How Depression And Anxiety Affect Patient Adherence

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Nancy R. Megas MSN, CRNP

Final Notes

   Incorporating these screening tools in our office protocols also makes a clear statement to our patients that we understand chronic wound healing requires attention to psychological as well as physical health. By modeling behavior that destigmatizes and stresses the importance of mental health, and by insisting on tight glycemic control, we have an opportunity to make real progress with our patients with diabetes.

Ms. Megas is a nurse practitioner with the Center for Wound Healing at Georgetown University Hospital in Washington, DC.
Dr. Steinberg is an Assistant Professor in the Department of Plastic Surgery at the Georgetown University School of Medicine in Washington, D.C. Dr. Steinberg is a Fellow of the American College of Foot and Ankle Surgeons.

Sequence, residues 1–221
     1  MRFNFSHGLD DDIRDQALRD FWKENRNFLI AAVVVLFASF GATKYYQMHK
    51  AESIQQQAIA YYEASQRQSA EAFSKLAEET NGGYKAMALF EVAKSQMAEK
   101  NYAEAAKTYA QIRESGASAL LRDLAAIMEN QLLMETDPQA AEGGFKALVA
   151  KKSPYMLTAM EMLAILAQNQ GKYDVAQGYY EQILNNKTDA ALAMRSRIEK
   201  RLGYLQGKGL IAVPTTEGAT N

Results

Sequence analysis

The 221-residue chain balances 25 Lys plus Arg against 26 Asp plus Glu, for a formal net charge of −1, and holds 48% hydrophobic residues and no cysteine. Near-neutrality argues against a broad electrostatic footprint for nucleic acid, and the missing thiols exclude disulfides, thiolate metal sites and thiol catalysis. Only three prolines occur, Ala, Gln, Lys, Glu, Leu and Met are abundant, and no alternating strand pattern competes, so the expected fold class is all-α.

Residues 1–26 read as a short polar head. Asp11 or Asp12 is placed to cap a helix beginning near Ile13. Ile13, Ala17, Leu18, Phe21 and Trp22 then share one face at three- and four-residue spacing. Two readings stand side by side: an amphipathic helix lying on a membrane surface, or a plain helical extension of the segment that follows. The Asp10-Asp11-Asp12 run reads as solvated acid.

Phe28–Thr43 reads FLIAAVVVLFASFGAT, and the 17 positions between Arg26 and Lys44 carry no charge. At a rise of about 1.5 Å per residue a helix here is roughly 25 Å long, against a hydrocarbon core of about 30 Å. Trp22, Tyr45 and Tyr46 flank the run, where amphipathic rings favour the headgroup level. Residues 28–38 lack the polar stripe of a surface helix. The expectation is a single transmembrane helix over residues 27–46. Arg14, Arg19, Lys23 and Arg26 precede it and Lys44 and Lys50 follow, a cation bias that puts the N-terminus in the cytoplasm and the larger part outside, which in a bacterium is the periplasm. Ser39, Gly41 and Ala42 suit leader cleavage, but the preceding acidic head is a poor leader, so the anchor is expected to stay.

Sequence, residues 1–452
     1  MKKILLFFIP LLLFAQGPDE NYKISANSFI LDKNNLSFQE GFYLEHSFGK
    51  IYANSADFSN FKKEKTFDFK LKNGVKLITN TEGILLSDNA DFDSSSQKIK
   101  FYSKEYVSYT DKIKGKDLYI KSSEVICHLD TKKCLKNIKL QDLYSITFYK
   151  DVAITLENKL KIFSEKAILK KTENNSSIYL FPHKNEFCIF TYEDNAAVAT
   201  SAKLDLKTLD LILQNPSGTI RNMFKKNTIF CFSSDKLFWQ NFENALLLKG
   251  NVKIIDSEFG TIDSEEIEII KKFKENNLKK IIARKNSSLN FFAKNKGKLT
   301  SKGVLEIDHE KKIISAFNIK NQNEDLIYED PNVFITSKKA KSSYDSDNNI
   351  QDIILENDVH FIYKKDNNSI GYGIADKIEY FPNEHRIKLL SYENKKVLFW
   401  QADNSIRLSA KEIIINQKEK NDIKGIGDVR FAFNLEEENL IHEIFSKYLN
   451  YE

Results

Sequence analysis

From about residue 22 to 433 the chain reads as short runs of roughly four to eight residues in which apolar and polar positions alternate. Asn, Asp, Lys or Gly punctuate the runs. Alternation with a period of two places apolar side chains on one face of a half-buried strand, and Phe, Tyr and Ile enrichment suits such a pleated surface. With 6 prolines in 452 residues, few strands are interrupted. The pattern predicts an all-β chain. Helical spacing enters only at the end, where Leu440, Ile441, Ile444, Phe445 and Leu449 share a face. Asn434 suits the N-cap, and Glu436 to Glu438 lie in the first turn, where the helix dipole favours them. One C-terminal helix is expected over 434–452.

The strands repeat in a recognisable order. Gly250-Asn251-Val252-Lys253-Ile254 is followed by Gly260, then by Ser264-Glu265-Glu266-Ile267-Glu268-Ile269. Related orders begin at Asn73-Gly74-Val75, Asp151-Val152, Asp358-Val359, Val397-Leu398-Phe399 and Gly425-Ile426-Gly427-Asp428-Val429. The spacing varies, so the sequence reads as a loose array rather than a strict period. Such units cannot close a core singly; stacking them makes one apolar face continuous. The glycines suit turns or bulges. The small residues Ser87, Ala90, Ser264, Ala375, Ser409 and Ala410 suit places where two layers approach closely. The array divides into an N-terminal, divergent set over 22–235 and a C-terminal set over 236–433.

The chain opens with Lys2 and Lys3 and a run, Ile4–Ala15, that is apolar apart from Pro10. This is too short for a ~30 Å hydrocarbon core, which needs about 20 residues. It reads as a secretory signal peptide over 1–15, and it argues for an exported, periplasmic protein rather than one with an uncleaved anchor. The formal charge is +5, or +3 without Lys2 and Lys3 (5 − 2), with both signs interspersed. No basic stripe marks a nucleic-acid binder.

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Petersays: October 20, 2010 at 10:54 am

Great article! I couldn’t agree more with the concept that too many physicians overlook the possibility of anxiety and depression as major contributing factors in certain symptoms experienced by their patients.

I guess that our education is still too classical in that it doesn’t encourage us to see the clear-cut causality between mental states and physical phenomena. Hopefully, articles such as this will help people realize that even their wounds will heal faster if they nourish a happy and content state of being.

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